I am beginning FCC journey . interested in backend programming than front end stuff.
Few of my friends are from engineering background and insist me to learn C first.
Yes C is a great language to start, half of the languages are based on it, is not that hard, or you could learn the first c++ is c with objects and you can make games if you want to make games faster learn c# with unity 3d, or maybe learn java is like c# but have a biggest community and infinity jobs and is the best language for android, if you like more ios learn swift is one of the easiest languages, or learn python is easier than swift the best language to write complex algorithms and for scientists or learn ruby to build web platforms very fast.
Sorry for my English.
When you’ve got a few of the fCC projects done, check out CS50, which will not only let you get comfortable with C, but use it to teach you very useful concepts about computer science that will absolutely improve your web development skills.
Google your question, and check out Quora, I’ve seen quite a lot of good conversation around this question in the last couple of years.
Quincy Larson posted this a while back. A Cautionary Tale of Learning to Code. My own.
Where can i learn c ? I am a beginner and dont have any prior knowledge.
You can learn C++ in this website
This is a great starting place for C: https://online-learning.harvard.edu/course/cs50-introduction-computer-science
Note, C and C++ are different languages, so don’t mix them up! However, if you are interested in the C family of languages, CS50 is a great place to start!
Objective C in Xcode is where I dove deep, and nearly drowned having only written Basic scripts.
Swift 2 broke
Swift 5 is awesome if you don’t bother with Interface Builder. Reading the C book written in the 70s is a great intro.
By no means am I an expert programmer in any language. Indeed I’ve only recently started to look at programing again after more than a decade of not programming anything at all. I Started with with Java as part of an O.U. degree about 16 years ago. Never did anything with it. Languages like Java are so high level you are often left with a feeling of not really knowing why certain things are done the way the are, its all sort of hidden behind the abstractions. I also taught myself JS too even though at the time it was a much smaller language than it is today, I was still left with the feeling that its all a bit of a magic black box.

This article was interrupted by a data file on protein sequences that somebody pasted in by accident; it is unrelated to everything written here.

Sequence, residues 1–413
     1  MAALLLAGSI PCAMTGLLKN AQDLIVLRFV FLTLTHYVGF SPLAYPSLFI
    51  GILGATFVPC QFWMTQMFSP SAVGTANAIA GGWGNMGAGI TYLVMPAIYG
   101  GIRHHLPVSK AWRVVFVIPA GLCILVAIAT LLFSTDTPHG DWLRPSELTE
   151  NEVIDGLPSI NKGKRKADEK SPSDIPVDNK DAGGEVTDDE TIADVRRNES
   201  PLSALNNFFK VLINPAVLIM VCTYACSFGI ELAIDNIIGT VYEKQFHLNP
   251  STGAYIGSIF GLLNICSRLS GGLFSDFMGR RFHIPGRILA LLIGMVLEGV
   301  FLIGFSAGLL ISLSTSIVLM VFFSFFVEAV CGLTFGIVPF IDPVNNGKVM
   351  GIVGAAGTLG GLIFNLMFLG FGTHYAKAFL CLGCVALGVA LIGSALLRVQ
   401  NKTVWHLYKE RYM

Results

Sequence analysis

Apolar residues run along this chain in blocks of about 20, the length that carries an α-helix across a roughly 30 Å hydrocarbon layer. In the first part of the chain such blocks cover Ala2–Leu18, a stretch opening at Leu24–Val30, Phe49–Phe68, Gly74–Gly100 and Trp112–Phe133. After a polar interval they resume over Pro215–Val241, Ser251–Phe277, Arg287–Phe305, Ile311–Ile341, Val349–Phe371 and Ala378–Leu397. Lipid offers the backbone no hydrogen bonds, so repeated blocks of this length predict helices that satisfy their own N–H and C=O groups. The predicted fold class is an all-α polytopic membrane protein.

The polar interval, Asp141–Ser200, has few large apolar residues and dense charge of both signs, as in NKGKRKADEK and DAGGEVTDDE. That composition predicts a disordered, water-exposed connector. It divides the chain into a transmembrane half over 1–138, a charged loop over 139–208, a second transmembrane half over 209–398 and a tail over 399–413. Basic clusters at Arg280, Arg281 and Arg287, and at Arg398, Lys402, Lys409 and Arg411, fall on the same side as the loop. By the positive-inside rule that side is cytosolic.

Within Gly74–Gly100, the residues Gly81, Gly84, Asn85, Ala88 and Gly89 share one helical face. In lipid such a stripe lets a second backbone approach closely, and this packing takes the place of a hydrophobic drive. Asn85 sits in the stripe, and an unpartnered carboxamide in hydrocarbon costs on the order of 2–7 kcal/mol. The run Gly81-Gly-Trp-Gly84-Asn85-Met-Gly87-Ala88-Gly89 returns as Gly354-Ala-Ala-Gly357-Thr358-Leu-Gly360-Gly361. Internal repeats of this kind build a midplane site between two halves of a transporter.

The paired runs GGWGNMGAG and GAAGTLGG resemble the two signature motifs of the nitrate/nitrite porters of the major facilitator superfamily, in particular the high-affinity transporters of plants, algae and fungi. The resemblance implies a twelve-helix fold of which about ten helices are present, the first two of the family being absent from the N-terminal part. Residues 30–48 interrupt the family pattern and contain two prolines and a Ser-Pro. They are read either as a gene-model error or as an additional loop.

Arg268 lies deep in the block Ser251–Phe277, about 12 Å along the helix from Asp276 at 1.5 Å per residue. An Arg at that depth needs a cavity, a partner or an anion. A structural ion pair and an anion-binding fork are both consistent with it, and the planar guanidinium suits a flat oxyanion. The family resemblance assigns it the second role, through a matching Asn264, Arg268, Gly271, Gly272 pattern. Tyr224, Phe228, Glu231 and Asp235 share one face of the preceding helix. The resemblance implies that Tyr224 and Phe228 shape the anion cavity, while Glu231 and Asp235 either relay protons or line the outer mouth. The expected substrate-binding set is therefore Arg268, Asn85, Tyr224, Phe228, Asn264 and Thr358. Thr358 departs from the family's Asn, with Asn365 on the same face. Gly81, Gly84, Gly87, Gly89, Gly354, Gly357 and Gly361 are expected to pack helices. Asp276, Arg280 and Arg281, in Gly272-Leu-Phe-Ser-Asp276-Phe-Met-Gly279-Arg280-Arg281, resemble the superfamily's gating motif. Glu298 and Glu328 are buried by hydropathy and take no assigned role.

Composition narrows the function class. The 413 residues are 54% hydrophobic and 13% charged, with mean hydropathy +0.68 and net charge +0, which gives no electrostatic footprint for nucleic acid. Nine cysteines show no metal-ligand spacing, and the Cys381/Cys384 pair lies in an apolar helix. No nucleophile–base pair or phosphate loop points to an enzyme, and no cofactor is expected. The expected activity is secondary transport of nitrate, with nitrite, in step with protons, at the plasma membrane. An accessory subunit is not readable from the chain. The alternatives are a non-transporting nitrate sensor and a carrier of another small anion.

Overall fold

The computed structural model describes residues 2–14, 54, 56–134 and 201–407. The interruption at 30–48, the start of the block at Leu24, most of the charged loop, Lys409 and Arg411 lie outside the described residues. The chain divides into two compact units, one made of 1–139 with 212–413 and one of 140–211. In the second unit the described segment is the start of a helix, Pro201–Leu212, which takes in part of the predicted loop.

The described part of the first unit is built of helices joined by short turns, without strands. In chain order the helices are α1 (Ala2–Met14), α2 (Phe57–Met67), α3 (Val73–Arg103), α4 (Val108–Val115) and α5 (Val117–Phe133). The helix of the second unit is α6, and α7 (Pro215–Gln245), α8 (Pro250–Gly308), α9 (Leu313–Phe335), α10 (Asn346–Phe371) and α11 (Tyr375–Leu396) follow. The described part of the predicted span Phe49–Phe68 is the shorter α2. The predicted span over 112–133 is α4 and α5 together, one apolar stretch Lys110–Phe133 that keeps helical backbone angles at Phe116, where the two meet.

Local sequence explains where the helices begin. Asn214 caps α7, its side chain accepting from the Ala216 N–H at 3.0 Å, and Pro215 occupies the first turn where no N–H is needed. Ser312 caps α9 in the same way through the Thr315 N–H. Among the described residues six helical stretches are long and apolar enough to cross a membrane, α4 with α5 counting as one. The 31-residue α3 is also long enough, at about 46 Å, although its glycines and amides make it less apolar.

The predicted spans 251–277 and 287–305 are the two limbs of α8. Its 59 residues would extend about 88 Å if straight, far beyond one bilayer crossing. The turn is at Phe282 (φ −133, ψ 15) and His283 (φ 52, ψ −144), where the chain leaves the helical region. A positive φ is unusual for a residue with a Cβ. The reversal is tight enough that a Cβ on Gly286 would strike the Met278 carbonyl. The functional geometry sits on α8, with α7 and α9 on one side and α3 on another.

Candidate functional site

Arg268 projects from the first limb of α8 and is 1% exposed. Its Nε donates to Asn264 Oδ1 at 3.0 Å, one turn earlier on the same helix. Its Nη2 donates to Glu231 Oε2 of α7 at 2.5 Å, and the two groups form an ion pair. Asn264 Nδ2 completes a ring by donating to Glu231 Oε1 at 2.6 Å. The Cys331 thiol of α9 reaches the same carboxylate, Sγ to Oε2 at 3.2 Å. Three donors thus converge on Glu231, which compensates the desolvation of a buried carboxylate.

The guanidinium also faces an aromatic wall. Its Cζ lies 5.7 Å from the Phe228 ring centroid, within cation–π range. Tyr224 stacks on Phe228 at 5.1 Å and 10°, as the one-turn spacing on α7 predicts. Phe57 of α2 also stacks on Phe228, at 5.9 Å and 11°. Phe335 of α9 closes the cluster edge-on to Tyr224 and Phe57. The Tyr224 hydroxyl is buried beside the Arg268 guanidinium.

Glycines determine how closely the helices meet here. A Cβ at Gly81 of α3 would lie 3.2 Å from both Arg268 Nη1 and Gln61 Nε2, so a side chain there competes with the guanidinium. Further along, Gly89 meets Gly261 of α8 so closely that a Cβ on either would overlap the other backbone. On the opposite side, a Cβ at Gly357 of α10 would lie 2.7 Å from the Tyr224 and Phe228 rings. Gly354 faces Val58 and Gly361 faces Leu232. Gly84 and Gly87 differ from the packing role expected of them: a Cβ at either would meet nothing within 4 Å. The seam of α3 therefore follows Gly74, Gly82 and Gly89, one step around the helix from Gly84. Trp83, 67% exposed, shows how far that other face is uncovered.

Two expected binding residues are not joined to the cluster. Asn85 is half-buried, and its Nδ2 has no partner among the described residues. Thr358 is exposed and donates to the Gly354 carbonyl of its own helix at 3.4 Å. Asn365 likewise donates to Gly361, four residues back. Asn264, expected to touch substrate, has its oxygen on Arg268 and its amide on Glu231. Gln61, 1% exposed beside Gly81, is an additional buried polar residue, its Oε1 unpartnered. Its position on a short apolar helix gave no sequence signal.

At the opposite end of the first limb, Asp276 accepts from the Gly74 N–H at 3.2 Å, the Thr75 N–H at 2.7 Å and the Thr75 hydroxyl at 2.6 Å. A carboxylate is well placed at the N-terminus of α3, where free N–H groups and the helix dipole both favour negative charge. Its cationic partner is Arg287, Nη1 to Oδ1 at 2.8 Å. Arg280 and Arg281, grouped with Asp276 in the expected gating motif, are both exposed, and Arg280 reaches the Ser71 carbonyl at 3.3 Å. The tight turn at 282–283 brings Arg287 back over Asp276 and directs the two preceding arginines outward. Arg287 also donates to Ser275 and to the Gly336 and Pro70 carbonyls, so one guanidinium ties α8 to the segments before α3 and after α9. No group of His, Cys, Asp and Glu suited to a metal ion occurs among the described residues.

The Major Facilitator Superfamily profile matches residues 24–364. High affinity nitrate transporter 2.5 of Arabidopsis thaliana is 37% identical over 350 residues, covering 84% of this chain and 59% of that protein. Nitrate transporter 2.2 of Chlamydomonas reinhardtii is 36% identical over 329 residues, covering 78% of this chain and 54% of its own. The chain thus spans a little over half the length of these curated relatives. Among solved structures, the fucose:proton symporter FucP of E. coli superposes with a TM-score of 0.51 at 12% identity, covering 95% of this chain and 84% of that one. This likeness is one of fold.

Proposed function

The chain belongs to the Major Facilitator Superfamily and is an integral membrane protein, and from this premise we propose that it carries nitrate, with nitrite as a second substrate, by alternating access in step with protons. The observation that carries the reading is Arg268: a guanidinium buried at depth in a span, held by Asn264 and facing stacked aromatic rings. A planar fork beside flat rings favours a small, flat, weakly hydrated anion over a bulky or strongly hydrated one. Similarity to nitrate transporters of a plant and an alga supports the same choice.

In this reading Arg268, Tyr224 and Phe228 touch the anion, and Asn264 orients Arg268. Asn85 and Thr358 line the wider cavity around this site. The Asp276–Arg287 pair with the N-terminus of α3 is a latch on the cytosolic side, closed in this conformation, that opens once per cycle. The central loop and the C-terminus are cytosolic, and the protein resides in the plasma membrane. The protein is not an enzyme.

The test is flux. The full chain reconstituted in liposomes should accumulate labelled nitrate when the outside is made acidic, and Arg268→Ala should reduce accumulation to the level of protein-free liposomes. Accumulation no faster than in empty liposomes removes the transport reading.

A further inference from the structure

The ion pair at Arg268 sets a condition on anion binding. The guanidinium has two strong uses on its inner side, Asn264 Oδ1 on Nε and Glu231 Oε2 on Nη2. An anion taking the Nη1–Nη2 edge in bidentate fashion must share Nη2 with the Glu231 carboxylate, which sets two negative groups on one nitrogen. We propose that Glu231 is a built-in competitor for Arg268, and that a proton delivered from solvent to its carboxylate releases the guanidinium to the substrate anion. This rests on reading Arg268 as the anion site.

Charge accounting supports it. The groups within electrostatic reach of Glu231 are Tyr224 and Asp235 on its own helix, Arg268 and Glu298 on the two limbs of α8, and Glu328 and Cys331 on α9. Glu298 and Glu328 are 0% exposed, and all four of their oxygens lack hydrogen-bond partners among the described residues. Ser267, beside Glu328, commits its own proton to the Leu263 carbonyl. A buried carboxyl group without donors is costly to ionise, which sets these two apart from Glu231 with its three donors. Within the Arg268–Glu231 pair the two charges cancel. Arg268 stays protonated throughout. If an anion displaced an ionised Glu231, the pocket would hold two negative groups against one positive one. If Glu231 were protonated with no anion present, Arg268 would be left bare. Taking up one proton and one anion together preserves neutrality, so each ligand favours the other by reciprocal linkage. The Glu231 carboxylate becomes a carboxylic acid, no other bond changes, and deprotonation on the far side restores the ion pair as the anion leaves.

It wasn’t until I taught myself C (mainly following K&R C book ) that I felt I could start to appreciate what is going on. C is close enough to the metal to force you to think about how data is stored and manipulated as bits and bytes, about data types and about memory management. Most of these things are hidden from you to some degree in higher level languages and hence difficult to fully appreciate their significance.
In short there is certainly no necessity to learn C but it is a small enough language to learn in a reasonable amount of time and will challenge the way you think about the machine your sat in front of. Having at least an appreciation of an assembly language wouldn’t hurt either though this is far from necessary.
As has already been mentioned C is not C++ nor C# or objectiveC these are all much bigger languages that will require much more investment and distract you from the basic concepts.
In short I think C is an excellent language to learn even if it is just to understand what what higher level languages are offering (or hiding from) you. You will probably find linux/unix environments easier to work with C although take that with a pinch of salt. The last Windows machine I used was Windows ME! so what do i know:laughing:
The K&R C book second edition is still as good an introduction as anything else.
My only hesitation in recommending the K&R book to beginners (see The C Programming Language, by Kernighan and Ritchie) is the age of the book. The book covers ANSI C, or C89. This version of the C standard is quite dated and missing some features seen in C99 and later.
If you want to learn C, I would recommend learning C99, C11, or C18. There are some cases in which you would use ANSI C, but modern compilers will have C99 or later.
Fun fact: The K&R book introduced “Hello World” as the prototypical first program when learning a language